The offbeat occupant: Gloria Guns, Lawyer, musician, journalist
Other occupants: Rob
Approximate square footage: 1000-2000 sq. feet
How many bedrooms? 2
Lives in: Cambridge Bay, Nunavut, Canada
When did you move into this home? Four months ago.
Let’s start with the neighborhood. What’s it like where you live? Cambridge Bay is a fly-in only community north of the treeline and well within the Arctic circle. We’ve got a population of 1500 people, mostly Inuit. The community has two grocery stores, a hardware store, one bank, a post office, one restaurant, and a few government buildings. There are no bars, movie theatres, or shopping malls. It costs over $1000 one way to fly to the closest community. Despite that, there’s a lot going on here. We make our own fun at home.
What makes your home offbeat? We live in the Arctic. It’s a beautiful but harsh environment up here, so we’ve gotten ourselves a cozy little place to keep us warm, safe, and happy — just like a cottage, but instead of by the lake or in the woods, in the middle of the Arctic tundra, by a frozen Arctic Ocean.
We’ve found that the modern ultra sleek style of interior decoration doesn’t really suit us. We want to feel like we’re living at the cottage: a collection of vintage furniture passed down by one’s grandfather, old-fashioned china tea sets inherited by one’s grandmother.
We like the warm look of wood, which is why we adore the fake wood panel flooring and the wooden kitchen cupboards. We like our spaces to look lived in by real people. We don’t want our space to scream luxury or wealth; we want it to whisper “comfort” while handing you a hot cup of crowberry tea.
What’s the most challenging about this space? How do you deal with the challenge? Our bathroom is raised by a half story because the septic tank runs underneath. As I found out one day when I ran out of water, the ground is too frozen to install sewage pipes. Instead, the running water is delivered by truck, and the sewage is carted away by a different truck. So in our house, the bathroom is raised from the ground so the sewage tank can be stored underneath. And because we need to have our water delivered to us by delivery truck, sometimes we run out of water.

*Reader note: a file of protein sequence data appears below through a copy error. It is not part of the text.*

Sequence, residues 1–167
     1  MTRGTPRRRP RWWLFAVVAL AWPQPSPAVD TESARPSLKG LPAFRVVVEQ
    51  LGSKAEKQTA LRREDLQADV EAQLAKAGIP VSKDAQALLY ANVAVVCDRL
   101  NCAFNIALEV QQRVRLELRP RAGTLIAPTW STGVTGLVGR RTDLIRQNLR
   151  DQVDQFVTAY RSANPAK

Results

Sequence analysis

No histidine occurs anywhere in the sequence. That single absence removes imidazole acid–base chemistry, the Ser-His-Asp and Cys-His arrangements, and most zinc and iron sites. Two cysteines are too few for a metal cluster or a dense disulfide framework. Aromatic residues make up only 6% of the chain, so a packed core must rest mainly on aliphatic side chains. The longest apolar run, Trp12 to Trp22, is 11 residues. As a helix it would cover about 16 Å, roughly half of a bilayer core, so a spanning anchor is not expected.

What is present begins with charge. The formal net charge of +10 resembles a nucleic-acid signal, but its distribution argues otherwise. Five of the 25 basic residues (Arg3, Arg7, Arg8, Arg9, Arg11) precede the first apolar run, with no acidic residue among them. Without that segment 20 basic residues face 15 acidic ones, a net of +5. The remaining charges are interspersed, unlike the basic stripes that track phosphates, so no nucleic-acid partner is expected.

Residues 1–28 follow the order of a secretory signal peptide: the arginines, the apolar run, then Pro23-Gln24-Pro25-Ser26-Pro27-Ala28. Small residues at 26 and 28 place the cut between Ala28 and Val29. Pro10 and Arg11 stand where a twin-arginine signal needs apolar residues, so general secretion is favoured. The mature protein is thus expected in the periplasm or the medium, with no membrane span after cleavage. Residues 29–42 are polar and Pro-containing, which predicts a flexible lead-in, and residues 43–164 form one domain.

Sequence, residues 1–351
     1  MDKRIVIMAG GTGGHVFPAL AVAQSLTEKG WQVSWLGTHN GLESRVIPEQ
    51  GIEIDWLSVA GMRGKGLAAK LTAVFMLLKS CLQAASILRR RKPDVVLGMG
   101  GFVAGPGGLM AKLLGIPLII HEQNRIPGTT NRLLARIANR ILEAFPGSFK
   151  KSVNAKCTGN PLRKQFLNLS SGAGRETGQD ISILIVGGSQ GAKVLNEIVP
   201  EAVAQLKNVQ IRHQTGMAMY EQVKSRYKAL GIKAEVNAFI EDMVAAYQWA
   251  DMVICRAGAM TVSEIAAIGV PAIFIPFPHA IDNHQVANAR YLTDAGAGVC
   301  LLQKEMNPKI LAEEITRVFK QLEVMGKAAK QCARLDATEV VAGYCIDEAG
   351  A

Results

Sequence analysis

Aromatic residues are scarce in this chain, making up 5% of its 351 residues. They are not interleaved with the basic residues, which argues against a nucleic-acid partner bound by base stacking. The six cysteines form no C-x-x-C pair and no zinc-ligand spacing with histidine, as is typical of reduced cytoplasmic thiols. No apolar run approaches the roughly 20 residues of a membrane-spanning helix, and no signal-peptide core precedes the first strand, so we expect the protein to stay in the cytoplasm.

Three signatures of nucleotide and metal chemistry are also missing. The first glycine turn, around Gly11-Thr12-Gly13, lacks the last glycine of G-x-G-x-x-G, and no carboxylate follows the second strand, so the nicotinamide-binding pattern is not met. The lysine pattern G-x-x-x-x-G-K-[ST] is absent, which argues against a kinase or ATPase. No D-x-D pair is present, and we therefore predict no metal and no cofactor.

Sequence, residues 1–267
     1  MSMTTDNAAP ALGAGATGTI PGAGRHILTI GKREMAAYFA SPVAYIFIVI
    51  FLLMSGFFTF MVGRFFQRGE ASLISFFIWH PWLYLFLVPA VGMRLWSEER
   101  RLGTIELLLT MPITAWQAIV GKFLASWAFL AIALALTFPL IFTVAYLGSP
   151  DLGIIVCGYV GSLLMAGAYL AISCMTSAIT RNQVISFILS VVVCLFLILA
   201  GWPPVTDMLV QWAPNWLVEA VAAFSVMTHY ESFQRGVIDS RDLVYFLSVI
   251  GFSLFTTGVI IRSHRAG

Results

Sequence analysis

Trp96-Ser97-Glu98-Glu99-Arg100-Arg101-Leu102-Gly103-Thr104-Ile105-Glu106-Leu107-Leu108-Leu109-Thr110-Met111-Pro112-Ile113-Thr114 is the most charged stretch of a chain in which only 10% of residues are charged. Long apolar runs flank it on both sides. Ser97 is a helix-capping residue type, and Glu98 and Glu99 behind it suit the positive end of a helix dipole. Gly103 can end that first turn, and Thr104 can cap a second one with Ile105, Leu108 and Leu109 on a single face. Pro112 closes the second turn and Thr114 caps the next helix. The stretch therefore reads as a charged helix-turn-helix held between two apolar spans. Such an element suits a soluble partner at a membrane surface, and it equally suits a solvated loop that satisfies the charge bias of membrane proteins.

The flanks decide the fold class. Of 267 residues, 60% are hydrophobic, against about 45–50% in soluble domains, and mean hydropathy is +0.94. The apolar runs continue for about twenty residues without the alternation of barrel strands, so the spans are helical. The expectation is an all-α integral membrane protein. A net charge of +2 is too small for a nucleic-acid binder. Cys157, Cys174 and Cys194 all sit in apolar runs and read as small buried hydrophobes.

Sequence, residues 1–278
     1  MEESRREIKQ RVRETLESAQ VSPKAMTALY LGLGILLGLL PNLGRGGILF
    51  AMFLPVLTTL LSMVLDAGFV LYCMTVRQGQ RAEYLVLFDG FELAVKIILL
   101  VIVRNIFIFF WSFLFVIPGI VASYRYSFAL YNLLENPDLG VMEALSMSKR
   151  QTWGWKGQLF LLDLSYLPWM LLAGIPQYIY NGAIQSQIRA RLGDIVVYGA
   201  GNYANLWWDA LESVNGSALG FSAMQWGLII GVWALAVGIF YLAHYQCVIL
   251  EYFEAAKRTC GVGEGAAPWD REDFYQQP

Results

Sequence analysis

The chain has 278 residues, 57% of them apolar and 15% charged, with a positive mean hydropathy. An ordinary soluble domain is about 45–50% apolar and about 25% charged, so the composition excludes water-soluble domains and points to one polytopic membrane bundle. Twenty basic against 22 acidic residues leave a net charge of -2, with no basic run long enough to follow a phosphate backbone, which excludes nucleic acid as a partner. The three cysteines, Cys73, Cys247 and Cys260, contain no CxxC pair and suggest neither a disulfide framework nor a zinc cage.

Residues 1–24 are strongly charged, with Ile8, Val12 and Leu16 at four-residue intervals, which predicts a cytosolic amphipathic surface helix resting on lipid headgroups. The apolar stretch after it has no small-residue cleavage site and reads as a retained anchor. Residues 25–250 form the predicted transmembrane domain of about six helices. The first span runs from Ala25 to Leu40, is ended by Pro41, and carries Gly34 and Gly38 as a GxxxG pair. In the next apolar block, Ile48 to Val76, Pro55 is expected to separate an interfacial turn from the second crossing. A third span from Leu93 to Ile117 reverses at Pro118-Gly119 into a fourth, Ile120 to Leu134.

The Arctic environment outside is full of extremes. In the winter, we get 24 hours of darkness. In the summer, we get 24 hours of daylight. It’s extremely disorienting if you’re not used to it.
Also, it can get as cold as -60 degrees Celsius, and the air is extremely dry. (You especially need a lot of storage space for lotion.)
But the people of Nunavut have been living in the Arctic for centuries, and they adapt. We’ve learned to deal with it too.
- We’ve got a humidifier running at all times.
- We store large containers of extra water, as well as other supplies in case the power goes out for a long time.
- We’ve got an electric blanket.
- And right now in the summer, since it’s virtually daylight all the time, we’ve stuck cardboard over the windows to block out the sunlight, so we can sleep at “night.” It’s not the classiest look, but it’s about survival.
What’s your favorite feature of your home? Our jam space. We’ve got guitars, keyboards, amps, and all sorts of instruments all set up for recording and jamming. You’d think we were in a downtown music studio. You would never expect that just outside our window is the Arctic wilderness.
My second favourite feature, however, is the fact that we can see the northern lights from our living room window. Some people pay thousands of dollars to travel to the northern wilderness on packaged tours to see this incredible sight. Me, I just pull up a chair, turn off the living room lights, and watch the sky from my window while I eat midnight toast.
What’s the most important lesson you’ve learned from this home? It’s all about adapting. Do whatever you can to make yourself comfortable in a harsh environment – for example, buy lots of fun board games to play and a treadmill for when it’s too cold to go outside.
For the things you can’t change, learn to appreciate it. We may be far away from the movie theatres, but being so close to nature means that I can watch the night sky instead.
What’s your grandest plan for the space? Turning it into a venue for house shows! I already played a show that was streamed over YouTube as part of a music series called Tuestock, but I’d like to set up some house shows where people in the community can enjoy live music in the unique setting of a home. Kind of like what they did in Portland in the 90s, except in the Arctic instead.
What advice do you have for other offbeat homies?
Any stuff or services you want to recommend? We’ve got some talented Inuit artists that sell their artwork here, such as carvings and prints… not sure that they’ve got online businesses that other readers can order from. Readers will just have to come to Cambridge Bay!
Show me the decor porn!